Philips v Francis – Is an end to the crystal ball gazing in sight?
16th December 2013
Following the Supreme Court’s decision in Daejan v Benson, the chances of a landlord being reimbursed the costs he incurred in carrying out major works to a residential block via the service charge are vastly improved. However, ensuring full compliance with the consultation requirements is still a hazardous business. If the landlord fails to jump through each of the hoops set down by the Service Charges (Consultation Requirements)(England) Regulations 2003, he will only be able to recover £250 per tenant. Unless a dispensation is granted under s. 20ZA of the Landlord and Tenant Act 1985, the landlord can be left with a large shortfall on his expenditure. One decision which has caused particular difficulties for practitioners is Phillips v Francis  EWHC 3650 (Ch). Permission to appeal that decision has now been granted to the Court of Appeal.
Phillips v Francis concerned the thorny problem of whether items of expenditure constitute a single set of “qualifying works” for the purposes of s. 20 or whether there are several lots of “qualifying works”. The issue is of practical significance because, if the landlord fails to consult on “qualifying works”, he will be limited to recovering £250 per tenant for those works. If there is more than one “set” of qualifying works more than one lot of £250 will be recoverable.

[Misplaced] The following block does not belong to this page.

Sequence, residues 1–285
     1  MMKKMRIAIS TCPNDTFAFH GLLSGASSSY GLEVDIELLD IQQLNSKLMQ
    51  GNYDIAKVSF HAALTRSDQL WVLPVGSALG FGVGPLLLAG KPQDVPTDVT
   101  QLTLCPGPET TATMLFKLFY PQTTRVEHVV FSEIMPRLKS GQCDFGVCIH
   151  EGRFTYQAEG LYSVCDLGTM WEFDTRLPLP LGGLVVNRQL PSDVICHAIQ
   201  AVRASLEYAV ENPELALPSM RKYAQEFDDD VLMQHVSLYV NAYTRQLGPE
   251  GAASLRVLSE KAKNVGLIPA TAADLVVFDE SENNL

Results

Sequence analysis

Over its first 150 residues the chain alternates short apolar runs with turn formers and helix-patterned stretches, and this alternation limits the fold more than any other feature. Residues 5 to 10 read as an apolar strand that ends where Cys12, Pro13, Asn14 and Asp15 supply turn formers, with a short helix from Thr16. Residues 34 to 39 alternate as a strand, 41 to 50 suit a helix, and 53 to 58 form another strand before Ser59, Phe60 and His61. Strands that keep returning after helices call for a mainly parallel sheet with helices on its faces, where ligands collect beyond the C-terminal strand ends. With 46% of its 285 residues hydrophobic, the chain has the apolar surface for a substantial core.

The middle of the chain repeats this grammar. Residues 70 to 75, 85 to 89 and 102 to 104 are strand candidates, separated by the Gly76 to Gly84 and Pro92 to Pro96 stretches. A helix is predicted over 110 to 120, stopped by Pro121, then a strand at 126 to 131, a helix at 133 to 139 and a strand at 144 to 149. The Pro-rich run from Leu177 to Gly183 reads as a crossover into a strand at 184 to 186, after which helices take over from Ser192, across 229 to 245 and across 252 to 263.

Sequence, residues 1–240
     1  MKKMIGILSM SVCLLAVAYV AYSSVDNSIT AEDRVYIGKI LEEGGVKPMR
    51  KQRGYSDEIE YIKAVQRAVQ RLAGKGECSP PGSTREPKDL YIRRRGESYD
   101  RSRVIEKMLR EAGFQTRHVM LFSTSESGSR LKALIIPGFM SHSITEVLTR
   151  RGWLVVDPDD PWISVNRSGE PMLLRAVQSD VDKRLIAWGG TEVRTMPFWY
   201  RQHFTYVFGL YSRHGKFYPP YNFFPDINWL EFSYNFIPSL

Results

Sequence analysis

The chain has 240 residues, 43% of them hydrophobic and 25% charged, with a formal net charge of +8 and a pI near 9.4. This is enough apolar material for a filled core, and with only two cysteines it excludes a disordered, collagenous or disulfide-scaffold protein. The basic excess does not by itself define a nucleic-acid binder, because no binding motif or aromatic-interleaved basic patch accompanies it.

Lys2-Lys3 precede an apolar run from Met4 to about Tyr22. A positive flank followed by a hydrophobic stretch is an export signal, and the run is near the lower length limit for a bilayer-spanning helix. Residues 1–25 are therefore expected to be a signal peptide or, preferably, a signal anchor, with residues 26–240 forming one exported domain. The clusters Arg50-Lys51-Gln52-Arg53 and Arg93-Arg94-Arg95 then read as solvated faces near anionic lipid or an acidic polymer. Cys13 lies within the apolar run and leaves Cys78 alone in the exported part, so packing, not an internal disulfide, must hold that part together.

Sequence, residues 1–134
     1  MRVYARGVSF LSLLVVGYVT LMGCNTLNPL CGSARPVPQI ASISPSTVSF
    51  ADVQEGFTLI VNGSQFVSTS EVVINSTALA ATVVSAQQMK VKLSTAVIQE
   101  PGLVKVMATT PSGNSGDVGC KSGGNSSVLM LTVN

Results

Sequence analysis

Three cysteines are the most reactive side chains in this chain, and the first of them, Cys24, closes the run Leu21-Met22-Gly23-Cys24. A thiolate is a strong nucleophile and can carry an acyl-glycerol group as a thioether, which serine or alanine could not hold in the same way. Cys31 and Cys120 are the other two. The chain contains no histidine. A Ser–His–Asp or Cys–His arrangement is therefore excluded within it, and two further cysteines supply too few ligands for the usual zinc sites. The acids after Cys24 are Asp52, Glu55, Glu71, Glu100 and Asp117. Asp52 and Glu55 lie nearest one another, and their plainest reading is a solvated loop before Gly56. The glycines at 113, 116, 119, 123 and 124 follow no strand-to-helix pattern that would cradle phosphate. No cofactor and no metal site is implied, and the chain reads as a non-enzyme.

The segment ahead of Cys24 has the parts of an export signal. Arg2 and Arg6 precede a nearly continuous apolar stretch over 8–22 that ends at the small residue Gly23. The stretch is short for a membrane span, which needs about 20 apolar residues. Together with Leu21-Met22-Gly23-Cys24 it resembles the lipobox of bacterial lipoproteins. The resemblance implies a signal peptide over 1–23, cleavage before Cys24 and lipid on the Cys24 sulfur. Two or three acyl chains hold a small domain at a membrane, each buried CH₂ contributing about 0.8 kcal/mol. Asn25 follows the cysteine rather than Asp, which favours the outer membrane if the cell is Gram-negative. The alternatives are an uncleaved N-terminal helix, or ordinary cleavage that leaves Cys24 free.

Section 20ZA (2) says that “qualifying works” means “works on a building or any other premises” – not very illuminating. So if you are carrying out exterior works, is that one set of qualifying works or is the roof one job and the window refurbishment another? What if the landlord decided to repaint the front door while he was at it and the cost would be such that no tenant would have to contribute more than £250? Could the landlord avoid consulting on that element of the works at all because the cost fell below the “triviality threshold”?
Mr and Mrs Francis were the freeholders of a holiday site in Cornwall consisting of 150 chalets let on 999 year leases. They decided to upgrade the site to a first class standard and advised the chalet owners of their plans. The works included the removal of earth banks, the construction of an office/shop and a launderette/staff buildings. The plans for improvement may have been welcomed by the lessees but the increase in service charges under their leases was not.
The landlords ignored the prescribed consultation requirements in their entirety. In the ensuing litigation, the landlords argued that the works were made up of several individual projects each representing a single set of “qualifying works”. Some of those works fell beneath the “triviality threshold” and required no consultation. The tenants said – no – there was only one set of works and their liability for the whole of those works was limited to £250 each.